Opinion: Another week of Trump’s inane tweets, dishonesty and unfitness
Good morning. I’m Paul Thornton, and it is Saturday, Nov. 4, 2017. Exactly one year ago today, almost every poll had Hillary Clinton with a small lead heading into election day (with one very notable exception). With that in mind, let’s take a look back at the week in Opinion.
The weight of the president’s responsibilities, the need to respond to crises and national tragedies calmly and reassuringly, the existential threat that the special counsel indictments pose to his presidency — none of this appears to have turned Trump away from his impulsive ways. Just this past week, Trump called the American justice system a “joke,” demanded that the suspected New York attacker receive the death penalty (due process be damned, apparently) and complained of the difficulty in launching criminal investigations against his political opponents.
As we’ve come to expect, Trump committed some of these offenses against democracy via Twitter. Editorial writer Scott Martelle explains that each tweet adds to the pile of evidence of his incompetence:
And he keeps proving his unsuitability, most recently in a series of tweets late Wednesday in which he called for the speedy trial and execution of Sayfullo Saipov, accused in the New York City truck terror attack, and publicly mused about whether Saipov should be sent to Guantanamo Bay for military trial or remain in New York to face charges in the civilian courts. These aren’t the actions of a president; they are the inane chatter from the loudmouth at the end of the bar. Or the leader of a mob. ...
At a Cabinet meeting on Wednesday, the president addressed the terror attack and said that “we need quick justice and we need strong justice – much quicker and much stronger than we have right now. Because what we have right now is a joke and it’s a laughingstock.” A short time later, a reporter asked his spokeswoman, Sarah Huckabee Sanders, “Why did the president call the U.S. justice system a joke and a laughingstock during his comments in the Cabinet?” Her answer: “That’s not what he said.” Both statements were included in official White House transcripts. There is no truth with this White House.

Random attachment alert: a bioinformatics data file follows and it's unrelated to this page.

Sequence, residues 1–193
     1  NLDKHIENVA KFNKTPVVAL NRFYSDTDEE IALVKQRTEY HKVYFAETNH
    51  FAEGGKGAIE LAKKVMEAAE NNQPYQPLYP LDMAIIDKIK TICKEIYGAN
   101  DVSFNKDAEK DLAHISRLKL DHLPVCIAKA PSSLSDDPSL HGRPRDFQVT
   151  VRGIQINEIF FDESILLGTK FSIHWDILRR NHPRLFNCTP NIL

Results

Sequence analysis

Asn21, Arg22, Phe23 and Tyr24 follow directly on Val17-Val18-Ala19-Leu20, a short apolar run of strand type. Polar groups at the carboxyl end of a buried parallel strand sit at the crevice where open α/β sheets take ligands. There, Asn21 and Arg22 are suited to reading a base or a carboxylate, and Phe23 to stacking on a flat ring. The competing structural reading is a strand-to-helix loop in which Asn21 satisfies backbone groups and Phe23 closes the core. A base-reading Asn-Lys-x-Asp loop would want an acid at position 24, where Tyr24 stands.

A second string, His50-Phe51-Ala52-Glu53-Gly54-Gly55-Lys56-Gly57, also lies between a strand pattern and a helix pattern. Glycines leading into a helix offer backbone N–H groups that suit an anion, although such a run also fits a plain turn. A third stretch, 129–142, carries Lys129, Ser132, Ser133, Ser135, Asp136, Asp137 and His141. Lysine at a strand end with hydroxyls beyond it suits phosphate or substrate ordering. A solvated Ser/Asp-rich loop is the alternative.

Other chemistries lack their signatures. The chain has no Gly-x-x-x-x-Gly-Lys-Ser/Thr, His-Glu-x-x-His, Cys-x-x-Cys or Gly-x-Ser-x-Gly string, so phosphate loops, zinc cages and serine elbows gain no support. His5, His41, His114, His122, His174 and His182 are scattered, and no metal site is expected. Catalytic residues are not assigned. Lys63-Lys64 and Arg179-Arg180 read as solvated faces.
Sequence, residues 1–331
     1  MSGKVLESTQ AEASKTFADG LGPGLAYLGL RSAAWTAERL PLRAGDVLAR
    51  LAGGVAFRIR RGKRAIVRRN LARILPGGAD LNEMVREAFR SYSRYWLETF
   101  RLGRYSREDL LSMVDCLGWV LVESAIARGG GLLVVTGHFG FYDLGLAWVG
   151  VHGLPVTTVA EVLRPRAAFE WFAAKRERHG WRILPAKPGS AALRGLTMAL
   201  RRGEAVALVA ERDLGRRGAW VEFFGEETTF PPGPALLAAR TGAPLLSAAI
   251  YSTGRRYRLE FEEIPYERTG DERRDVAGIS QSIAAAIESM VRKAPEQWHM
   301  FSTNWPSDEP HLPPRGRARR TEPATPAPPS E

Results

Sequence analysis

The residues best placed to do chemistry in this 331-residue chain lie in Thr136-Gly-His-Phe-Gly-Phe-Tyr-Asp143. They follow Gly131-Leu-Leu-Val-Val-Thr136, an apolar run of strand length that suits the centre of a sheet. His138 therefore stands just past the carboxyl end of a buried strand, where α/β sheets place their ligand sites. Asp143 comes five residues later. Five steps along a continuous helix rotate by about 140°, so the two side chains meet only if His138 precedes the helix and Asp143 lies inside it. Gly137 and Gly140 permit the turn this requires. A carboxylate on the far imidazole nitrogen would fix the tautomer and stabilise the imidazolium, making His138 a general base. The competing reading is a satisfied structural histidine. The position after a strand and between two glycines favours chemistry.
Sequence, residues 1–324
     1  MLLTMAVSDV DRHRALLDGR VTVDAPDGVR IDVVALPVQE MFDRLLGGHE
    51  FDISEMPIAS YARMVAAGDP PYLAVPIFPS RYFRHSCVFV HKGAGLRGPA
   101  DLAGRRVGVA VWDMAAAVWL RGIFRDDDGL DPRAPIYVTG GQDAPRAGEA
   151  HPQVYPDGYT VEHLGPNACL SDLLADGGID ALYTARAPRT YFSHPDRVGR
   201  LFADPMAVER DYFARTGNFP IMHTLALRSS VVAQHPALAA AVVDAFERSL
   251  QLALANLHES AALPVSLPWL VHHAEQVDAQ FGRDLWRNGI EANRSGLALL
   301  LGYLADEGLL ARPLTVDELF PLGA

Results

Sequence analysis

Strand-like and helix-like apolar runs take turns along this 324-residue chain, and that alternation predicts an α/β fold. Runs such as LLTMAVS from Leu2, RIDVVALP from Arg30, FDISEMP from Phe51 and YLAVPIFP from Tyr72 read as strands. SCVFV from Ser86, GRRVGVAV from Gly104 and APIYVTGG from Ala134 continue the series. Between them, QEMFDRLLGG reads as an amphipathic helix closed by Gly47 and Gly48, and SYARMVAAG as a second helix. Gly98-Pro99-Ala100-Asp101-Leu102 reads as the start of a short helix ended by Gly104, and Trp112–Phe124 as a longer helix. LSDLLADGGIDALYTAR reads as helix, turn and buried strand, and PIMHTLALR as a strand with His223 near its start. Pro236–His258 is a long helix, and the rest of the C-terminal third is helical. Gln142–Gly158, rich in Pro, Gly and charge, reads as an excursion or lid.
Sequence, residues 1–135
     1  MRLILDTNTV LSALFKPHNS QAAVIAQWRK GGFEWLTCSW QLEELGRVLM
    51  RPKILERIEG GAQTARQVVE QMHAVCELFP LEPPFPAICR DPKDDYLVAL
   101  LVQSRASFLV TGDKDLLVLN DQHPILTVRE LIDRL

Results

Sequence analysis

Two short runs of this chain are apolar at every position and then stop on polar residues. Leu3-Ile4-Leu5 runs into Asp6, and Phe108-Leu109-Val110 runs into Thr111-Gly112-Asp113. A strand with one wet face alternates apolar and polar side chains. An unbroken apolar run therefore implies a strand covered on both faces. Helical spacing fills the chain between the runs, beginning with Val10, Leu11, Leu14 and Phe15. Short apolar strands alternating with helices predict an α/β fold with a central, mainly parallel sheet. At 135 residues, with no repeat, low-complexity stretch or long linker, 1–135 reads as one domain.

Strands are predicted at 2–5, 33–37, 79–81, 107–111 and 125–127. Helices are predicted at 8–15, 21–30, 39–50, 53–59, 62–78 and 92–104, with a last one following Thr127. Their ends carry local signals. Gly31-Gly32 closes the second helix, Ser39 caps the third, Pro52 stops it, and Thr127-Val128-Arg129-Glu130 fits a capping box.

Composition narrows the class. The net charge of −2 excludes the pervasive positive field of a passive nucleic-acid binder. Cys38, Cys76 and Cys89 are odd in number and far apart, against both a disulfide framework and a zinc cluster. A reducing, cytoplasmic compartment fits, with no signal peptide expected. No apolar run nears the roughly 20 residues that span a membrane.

So how does the nation deal with such unreliability from the president and his staff? Keep the spotlight on. Keep exposing the lies (Politifact has been keeping a running log, though it’s usually a few days behind) and the inconsistencies, and hope that truth will win out.
The GOP tax plan gets poor reviews. In an op-ed article, Scott Lemieux is especially harsh: “The Tax Cuts and Jobs Act reveals that President Trump and Speaker of the House Paul Ryan are, in different ways, utter frauds.” The Times Editorial Board warns that the tax plan, by relying on budget gimmicks and having been written as if its sponsors forgot that Washington relies on the revenue generated to pay for crucial government services, “is likely to raise the federal deficit more than its supporters acknowledge, with predictable and unwelcome results.”
Yes, radical Islamic terrorism is different. It isn’t just the violence that ought to trouble us, writes Dan McLaughlin, but also the political ideology of radical groups like Islamic State, which appears to have inspired the accused killer behind this week’s attack in New York: “It compels its believers to make war not only against Israel, the West and India, but especially against Muslims who reject their political vision. That vision includes killing people who convert from Islam, brutally murdering homosexuals, the forcible subjugation of women and reclamation of any land that has ever been in Muslim hands.” L.A. Times
Scary as the New York attack was, it shouldn’t have prompted Trump’s blustery reaction. His statements that the accused attacker should get the death penalty and that the U.S. justice system is a “joke” are worrisome given the president’s authoritarian tendencies, writes The Times Editorial Board. “Lessening freedoms and legal protections will not make us safer,” says the board. “It will make us prisoners of our fears.” L.A. Times
Can work and romance or sexuality ever mix? The stream of allegations against men of offenses that do not come close to what Harvey Weinstein is accused of doing suggest no, writes Cathy Young. She believes we may be taking “Weinsteining” too far: “As we grapple with these issues, we desperately need nuance. Let’s distinguish between abuse, minor bad behavior and innocent miscommunication. And let’s not demonize men or patronize women.” L.A. Times
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